How to write: Related Work

This post is the part of a series on how to write a paper. The first was on abstracts and the second on introductions.

The section that often follows the introduction is the related work section. The related work section may also be called a literature review. The point of the section is to highlight work done by others that somehow ties in with your own work. It may be work that you’re basing your work off of, or work that shows others attempts to solve the same problem.

There are a couple of schools of thought when it comes to writing the related work section. The first school of thought is to mention absolutely everyone and every paper that may be even remotely related to the topic at hand. Personally, I don’t like this method as it usually ends up being a long section with at most one sentence on each paper since there’s no room to give any actual amount of detail. It is also one of the reasons you may find a 4 page paper that is actually 3 pages of writing and 1 page of references.

The second is to pick and choose the most important papers and to only talk about them. This method allows the author to give about a paragraph or so of space for each paper and actually give details about what the paper is about. A paragraph of space is actually adequate to explain the contributions of the work and how it relates to your own work.

That’s the other important part of the related work. If you’re going to mention a paper, it needs to have some concrete relation to the work you’re doing. You should be able to (easily) defend each paper as to why you chose it and why it’s important. Some papers will be easy to defend – these are the papers that present work you’re building upon or papers that are about other solutions to the problem you’re working on. Others are more difficult. If it’s difficult to defend, then ask yourself why you’re including the paper and if it’s really necessary.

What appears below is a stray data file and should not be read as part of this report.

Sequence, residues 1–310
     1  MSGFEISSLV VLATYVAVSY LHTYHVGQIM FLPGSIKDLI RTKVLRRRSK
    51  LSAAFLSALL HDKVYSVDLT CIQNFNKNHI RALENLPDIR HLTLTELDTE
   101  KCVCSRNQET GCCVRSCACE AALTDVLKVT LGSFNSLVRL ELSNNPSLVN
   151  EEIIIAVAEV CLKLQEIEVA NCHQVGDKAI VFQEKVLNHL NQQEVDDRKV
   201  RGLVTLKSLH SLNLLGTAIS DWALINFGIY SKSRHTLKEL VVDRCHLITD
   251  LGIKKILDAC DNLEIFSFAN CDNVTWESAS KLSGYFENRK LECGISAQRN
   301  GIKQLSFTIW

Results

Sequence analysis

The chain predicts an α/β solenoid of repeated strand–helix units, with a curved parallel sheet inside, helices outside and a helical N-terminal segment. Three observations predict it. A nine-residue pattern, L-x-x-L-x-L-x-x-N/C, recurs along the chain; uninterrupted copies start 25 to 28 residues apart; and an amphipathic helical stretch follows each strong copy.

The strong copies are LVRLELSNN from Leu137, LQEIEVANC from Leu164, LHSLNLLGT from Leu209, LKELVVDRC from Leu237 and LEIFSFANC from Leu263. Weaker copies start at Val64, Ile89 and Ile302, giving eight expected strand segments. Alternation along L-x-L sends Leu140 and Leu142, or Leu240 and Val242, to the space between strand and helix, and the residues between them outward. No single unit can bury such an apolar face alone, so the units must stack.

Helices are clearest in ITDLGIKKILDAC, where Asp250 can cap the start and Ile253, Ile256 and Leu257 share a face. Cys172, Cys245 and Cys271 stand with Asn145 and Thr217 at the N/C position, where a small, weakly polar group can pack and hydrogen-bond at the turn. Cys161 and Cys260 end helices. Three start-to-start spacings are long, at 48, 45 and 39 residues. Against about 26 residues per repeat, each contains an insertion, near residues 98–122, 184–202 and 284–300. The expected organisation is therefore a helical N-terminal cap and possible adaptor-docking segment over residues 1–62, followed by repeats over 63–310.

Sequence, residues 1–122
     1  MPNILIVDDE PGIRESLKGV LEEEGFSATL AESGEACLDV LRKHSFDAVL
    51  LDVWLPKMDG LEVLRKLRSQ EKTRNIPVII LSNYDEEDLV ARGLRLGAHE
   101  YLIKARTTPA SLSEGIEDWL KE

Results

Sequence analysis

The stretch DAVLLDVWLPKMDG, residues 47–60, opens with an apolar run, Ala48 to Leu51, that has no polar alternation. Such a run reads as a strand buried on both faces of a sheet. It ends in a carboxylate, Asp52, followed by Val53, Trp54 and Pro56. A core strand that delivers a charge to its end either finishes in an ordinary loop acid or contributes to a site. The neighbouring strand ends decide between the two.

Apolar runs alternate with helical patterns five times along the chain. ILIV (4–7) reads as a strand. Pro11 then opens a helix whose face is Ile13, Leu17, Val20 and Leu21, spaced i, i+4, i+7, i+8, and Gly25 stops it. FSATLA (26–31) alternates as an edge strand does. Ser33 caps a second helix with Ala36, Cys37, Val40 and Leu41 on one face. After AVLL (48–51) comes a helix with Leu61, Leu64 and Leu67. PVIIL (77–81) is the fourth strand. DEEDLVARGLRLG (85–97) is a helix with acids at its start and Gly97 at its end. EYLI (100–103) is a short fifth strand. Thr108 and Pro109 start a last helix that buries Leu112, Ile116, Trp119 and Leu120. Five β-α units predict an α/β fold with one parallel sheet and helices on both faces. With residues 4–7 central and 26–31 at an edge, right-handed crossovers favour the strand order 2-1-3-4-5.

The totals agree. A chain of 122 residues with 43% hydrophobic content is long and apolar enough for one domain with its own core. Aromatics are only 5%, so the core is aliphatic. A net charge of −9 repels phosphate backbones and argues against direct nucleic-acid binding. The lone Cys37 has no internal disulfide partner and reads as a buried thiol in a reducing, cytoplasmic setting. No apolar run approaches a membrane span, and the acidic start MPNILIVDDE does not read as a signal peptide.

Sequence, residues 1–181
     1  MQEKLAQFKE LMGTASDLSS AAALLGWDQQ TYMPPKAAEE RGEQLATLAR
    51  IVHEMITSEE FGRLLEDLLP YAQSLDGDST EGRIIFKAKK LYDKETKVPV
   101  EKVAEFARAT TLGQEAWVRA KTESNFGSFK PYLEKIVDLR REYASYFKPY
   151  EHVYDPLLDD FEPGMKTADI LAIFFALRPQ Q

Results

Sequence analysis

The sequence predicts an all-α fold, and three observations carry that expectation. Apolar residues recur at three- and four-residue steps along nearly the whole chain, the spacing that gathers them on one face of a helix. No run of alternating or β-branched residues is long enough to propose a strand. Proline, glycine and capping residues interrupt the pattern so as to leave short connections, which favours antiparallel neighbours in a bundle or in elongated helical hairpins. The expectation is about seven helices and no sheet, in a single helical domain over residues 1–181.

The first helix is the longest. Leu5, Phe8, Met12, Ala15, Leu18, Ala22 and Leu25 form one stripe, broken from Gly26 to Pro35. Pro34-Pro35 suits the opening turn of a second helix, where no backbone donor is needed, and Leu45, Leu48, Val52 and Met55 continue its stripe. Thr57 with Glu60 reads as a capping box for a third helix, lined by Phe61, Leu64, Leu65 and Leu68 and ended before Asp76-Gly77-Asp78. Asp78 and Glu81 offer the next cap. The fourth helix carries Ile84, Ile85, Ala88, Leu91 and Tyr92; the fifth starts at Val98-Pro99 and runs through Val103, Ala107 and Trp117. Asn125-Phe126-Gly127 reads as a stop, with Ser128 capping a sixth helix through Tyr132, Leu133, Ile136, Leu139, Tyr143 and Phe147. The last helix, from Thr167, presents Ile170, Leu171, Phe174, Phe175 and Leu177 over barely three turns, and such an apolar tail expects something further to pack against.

A few suggestions to make writing your related work section easier:

  • Every time you read a paper, write  a short summary of the paper and highlight an important sections. This way you can read your own recap of the paper to decide if it’s applicable instead of relying on the abstract.
  • Use the reference section of the papers you read to search for other papers to read. If paper a is closely related to your topic, then likely the papers they reference are papers that are also closely related to your topic and you should read them.
  • Look through the history of papers published at the journal/conference you’re submitting too. It’s likely you can find papers related to your topic.
  • When writing a paragraph on a paper, make sure you can answer the question “how does this relates to my work?” If you can’t, consider not including it.

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